Zeno, the founder of Stoicism, only came to philosophy after suffering a shipwreck. In this article, we imagine: how might he have dealt with his shipwreck had he then already been a Stoic?
Zeno (b. 334 BCE), the founder of Stoicism, hailed from Citium (modern-day Larnaca) in Cyprus, and may have been of Phoenician origin. As a young man, Zeno set sail from Phoenicia with a cargo of imperial purple, a dye obtained by crushing sea snails. Unfortunately, he lost this precious cargo in a shipwreck, and wound up in Athens with little more than the clothes on his back, if even that.
Now fully recovered from his ordeal, Zeno visited an oracle and asked what he should do “to live the best life.” The oracle replied cryptically that he ought to “have conversation with the dead.” Interpreting this to mean that he ought to take up the study of ancient authors, he began frequenting a bookshop in the agora, the central square of Athens. One day, Zeno picked up a copy of the Memorabilia, a collection of Socratic dialogues by Xenophon. Struck by Xenophon’s portrayal of Socrates, he asked the bookseller where such men might be found. At that very moment, the Cynic philosopher Crates of Thebes happened to be passing by. The bookseller pointed to him and said, “Follow yonder man.”
After agreeing to take him on, Crates gave Zeno a pot of lentil soup to carry across the Kerameikos, the potters’ quarter of Athens—a basic Cynic exercise for cultivating “shamelessness”, or disregard of popular opinion. Unused to such menial tasks, the self-conscious Zeno attempted to hide the pot under his cloak as best he could. Seeing this, Crates broke the pot with his staff, and Zeno darted off into the distance with lentil soup dripping down his legs. Crates called after him: “Why run away, my little Phoenician? Nothing terrible has befallen you!”
The incident with the pot of lentils suggests that Zeno, in those early days, was still a long way from wisdom. But how might he have dealt with his shipwreck had he then already been a Stoic? In other words, how might he have used reason to lessen his hardship by putting it into proper perspective?
Zeno might have begun by contextualizing his hardship, like so: “If I or anyone undertakes a sea voyage, there is always a chance of a shipwreck. So it is hardly extraordinary, even to be expected, that after so many successful voyages I came to suffer a shipwreck. At least I came out unharmed, and still have many advantages and assets, not least my sound mind and education. Things could be a lot worse—for many people, they are. After all, I only lost my ship because I had one in the first place. What will my misfortune amount to in five or ten years’ time, let alone a hundred? Who will care about my cargo then? Who even cares about it now? Imperial purple, how ridiculous!”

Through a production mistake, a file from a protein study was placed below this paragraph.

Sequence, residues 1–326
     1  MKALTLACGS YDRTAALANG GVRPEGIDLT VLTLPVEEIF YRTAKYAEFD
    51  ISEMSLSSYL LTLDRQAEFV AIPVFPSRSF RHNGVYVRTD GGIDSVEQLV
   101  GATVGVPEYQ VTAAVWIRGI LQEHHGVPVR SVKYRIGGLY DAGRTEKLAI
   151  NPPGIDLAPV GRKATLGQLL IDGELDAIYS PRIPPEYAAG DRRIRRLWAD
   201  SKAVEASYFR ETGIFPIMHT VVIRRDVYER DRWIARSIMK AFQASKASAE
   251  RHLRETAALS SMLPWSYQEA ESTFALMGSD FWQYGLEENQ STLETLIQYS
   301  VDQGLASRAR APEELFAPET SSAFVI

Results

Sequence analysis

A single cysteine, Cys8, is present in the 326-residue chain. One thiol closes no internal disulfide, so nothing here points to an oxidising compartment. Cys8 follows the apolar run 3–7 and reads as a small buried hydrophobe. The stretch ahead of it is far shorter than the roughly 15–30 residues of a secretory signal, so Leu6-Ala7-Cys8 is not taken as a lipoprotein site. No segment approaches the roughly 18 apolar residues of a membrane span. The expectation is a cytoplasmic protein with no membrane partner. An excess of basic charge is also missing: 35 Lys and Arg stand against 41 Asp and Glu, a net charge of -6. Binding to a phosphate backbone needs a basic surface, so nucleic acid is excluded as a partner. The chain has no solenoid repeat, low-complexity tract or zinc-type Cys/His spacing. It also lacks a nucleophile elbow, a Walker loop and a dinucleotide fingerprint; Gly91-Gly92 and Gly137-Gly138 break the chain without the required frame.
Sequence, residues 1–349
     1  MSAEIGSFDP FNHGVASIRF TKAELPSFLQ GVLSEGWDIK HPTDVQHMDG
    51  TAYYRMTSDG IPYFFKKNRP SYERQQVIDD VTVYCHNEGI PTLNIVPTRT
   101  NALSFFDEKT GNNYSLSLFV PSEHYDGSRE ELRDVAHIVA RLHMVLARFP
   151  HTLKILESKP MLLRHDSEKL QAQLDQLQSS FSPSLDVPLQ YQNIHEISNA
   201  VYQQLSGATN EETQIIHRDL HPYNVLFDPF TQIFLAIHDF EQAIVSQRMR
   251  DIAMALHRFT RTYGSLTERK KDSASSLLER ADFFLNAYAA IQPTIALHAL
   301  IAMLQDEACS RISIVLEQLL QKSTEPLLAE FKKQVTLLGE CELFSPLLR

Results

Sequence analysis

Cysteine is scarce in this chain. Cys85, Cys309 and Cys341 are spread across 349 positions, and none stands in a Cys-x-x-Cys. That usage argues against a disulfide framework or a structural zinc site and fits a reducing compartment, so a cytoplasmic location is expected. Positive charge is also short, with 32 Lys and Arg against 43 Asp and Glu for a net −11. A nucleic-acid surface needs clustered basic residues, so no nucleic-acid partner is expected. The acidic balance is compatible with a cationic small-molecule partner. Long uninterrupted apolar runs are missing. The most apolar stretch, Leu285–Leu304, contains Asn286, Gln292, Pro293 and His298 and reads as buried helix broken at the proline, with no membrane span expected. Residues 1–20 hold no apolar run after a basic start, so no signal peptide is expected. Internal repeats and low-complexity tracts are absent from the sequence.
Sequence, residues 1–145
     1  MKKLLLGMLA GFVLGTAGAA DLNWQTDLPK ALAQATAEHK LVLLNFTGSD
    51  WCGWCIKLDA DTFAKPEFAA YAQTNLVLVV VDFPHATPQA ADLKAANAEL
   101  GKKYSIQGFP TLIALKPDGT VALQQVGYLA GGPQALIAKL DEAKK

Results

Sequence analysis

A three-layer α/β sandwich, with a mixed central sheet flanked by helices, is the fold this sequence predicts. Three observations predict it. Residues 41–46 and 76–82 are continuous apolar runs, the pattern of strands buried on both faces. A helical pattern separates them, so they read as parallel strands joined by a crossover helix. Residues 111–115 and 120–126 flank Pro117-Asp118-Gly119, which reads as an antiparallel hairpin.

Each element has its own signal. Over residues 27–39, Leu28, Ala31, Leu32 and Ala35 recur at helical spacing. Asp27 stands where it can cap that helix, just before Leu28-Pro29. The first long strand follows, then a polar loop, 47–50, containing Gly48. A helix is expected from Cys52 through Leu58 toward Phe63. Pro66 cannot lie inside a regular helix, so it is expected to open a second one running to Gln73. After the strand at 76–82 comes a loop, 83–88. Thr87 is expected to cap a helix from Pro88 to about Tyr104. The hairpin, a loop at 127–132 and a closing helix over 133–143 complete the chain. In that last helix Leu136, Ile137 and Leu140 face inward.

2. Negative visualization
After contextualization, Zeno could have tried a technique called premeditatio malorum [Latin, “premeditation of future evils”], also known as “negative visualization,” which in his case would involve imagining the very worst that could now happen and hopefully realizing that even that isn’t so bad: “So, I’ve lost my ship and cargo. At best, my bottomry contract [shipping insurance in the ancient world] will cover my loans. At worse, I’ll have to sell some property to pay my creditors, and start over on a more modest scale. Is that really so terrible?”
My favourite technique is transformation, which involves turning hardship into an opportunity—which is, of course, just what Zeno did by attaching himself to Crates and becoming a philosopher. Had Zeno not “suffered” a shipwreck, he would not have been the subject of this article. In fact, there would have been no article. Given the influence of Stoicism on the Founding Fathers, there may have been no America either. As Zeno later put it, “I made a prosperous voyage when I suffered a shipwreck.”
My new book Stoic Stories is now out.